I have a three zone hot water boiler based heating system. The boiler is currently at one end of my ranch style house. The radiators appear to be directionless (no valves or anything). One of the zones covers approximately half my house and it goes LR/DR->Family Room->Master BR then back to the boiler. The MBR is already a cold room for a multitude of reasons (above garage, low radiator to room size ratio and 2 exterior walls) and we are never in the LR/DR but in the current setup it is always significantly warmer than the Family Room (room we are in the most and the location of the thermostat) and Master BR.

Would it be possible to drain the zone and reverse the in/out pipes so the flow reverses to MBR-> FR ->LR/DR?

I feel like this would work better than using remote sensors with a smart thermostat (I am installing an ecobee anyway for easier control) because the remote sensors would just force the heat on more to make the Family Room and MBR more comfortable while the LR/DR would be sweltering and wasteful.

Below I added a picture of the current valve setup, piping example and the input side of the boiler. I definitely have a single loop setup and I realized the zone goes LR/DR->MBR->FR (or so I hope).

I think I may follow some of the advice and just add a new zone and split the LR/DR off. I need to do some digging because the MBR is over the garage and the pipes are inaccessible without tearing out the garage ceiling but as long as I can find where the pipe goes I can splice it.

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  • I know my house has a "monoflow" hot water system where there is a single loop with monoflow tees. This kind of system is definitely directional...
    – kgutwin
    Oct 18, 2018 at 13:50
  • I will double check tonight but after doing research into single loop vs monoflow, I am 90% sure that I have single loop because there are no tee's at the radiator. The hot water pipe basically travels along then goes up into the radiator and out the other end and back into the basement for the rest of the run.
    – salisboss
    Oct 18, 2018 at 15:12
  • "Radiators" or "fin-tube baseboard"? The latter typically has air flaps that many owners don't seem to understand - you close them partially or fully in rooms that trend too warm, and open them fully in rooms that trend too cold to help balance the heat output of a particular loop.
    – Ecnerwal
    Oct 18, 2018 at 15:51
  • @Ecnerwal I have fin-tube baseboard. I have already adjusted the flaps but the zoning was done poorly in the first place.
    – salisboss
    Oct 18, 2018 at 17:22
  • "because the remote sensors would just force the heat on", not with an ecobee. You can tell the thermostat which sensors to use, and even to ignore the one built in to the thermostat.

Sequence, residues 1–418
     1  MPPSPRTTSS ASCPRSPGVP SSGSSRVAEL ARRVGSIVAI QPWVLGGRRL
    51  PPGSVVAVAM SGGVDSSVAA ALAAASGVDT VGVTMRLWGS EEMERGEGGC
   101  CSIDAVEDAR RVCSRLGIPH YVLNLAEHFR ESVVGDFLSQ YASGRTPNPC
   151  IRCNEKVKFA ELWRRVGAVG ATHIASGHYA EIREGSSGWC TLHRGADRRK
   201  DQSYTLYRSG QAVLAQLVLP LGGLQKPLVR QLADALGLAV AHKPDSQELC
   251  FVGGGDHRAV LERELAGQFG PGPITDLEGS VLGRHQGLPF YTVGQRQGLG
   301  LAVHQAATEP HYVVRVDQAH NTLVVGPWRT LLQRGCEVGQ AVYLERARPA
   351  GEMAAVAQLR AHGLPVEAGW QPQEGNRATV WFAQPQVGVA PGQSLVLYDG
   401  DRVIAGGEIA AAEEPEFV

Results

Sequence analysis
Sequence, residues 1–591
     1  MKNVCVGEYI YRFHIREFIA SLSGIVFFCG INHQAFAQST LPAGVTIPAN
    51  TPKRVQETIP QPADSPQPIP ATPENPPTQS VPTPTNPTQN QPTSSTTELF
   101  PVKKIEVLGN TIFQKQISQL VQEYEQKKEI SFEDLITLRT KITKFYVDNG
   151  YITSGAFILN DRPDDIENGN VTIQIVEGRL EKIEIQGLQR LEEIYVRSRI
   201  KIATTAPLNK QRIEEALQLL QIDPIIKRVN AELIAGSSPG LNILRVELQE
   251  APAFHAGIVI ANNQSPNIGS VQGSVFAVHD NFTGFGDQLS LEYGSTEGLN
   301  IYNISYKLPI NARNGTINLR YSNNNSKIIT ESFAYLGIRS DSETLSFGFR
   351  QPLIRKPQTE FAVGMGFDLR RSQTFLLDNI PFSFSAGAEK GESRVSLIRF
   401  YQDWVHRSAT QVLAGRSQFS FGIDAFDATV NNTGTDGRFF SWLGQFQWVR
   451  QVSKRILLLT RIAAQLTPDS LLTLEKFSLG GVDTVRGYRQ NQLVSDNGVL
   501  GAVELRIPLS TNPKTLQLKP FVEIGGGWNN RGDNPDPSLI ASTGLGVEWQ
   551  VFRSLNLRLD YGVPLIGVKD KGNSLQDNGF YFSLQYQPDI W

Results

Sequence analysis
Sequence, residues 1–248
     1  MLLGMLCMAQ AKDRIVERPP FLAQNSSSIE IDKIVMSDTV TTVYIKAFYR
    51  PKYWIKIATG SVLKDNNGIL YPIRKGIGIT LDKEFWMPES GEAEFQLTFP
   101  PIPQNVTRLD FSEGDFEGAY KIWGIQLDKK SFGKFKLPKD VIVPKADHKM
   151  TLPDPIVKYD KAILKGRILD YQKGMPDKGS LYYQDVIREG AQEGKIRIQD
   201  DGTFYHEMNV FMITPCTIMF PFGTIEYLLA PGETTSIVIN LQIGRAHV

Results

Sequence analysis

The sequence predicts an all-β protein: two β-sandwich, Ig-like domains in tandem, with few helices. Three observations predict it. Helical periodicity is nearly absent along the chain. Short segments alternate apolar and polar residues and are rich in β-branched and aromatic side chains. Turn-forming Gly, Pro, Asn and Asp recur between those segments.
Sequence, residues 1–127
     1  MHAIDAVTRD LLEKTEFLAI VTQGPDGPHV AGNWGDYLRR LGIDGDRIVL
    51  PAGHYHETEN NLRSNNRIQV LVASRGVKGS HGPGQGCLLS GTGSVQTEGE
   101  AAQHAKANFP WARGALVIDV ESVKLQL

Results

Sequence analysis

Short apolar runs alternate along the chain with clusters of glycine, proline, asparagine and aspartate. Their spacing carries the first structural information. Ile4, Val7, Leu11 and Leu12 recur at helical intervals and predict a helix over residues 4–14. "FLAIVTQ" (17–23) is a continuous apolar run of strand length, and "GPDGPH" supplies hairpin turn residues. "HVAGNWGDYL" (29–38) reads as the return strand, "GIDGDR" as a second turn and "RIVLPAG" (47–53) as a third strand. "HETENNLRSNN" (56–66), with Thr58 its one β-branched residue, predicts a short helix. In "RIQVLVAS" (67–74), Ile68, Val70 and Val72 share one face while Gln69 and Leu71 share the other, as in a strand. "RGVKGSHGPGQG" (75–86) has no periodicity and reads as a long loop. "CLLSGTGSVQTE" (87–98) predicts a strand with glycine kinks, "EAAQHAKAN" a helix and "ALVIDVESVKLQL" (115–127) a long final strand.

– longneck
    Oct 19, 2018 at 14:44

3 Answers 3


If the radiation is finned tube and you can access the piping from below, you could break-up or split that run in half by running another supply or return connected to the near middle of the run and/or add finned tube radiation in the colder rooms. If you are going to redesign the heating system why not zone some or all the system. You need to answer a few questions such as how the radiation is piped (single loop, mono-flow, etc). There is a lot of possible fixes depending upon just how the system is presently installed. Let us know and add pictures if you can.


Assuming that:

  • No flow-checks are in the line except for what's at your furance
  • The zone is one long pipe with no splits (monoflows like kgutwin said)
  • Its normal baseboard along the bottom of the wall

Then yes, you should be able to do that. You'll need to make the changes after the flow check value on the feed side and circulator or zone value on the return side. When I say 'after', I mean from the point of view of the boiler. So, boiler-> flow-check or circulator/zone value -> rest of pipe to zone (make changes here).

That being said, the best idea might be to remove the MBR and FR from the current loop and make them their own loop since it appears that the loop is far too long anyway. You'll need additional equipment in order to add a new loop (circulator/zone value and related electrical equipment, flow-check, thermostat, etc) but in the end, it will make for a more comfortable home.


It doesn't look like you can easily reverse the piping system. Series radiator piping is a poor design choice for piping in rads. It's beyond me why anyone does it. Some unconventional methods for cooling a room that is too hot is to cover the radiators with an insulating material.

  1. In the case of baseboards that are not controllable by an air shutter, seal the openings with tape or stuff something in the opening to restrict air flow. Most baseboards are primarily convectors. Remove the convection currant and you remove much of the outflow of heat.

  2. In the case of cast iron rad. Covering it with a decorative wooden box reduces it's ability to radiate heat and thus lowering it's heat output. Even simply throwing a heavy blanket over it's helps. Also not bleading at of the air out of cast iron rads effectively reduces their capacity simulating a lower output radiator.

  3. Placing furniture in front of radiators reduces their output slightly. Don't do this with delicate or antique furniture as it will dry it out.

you could do something like this with less opening enter image description here Freshhome.com

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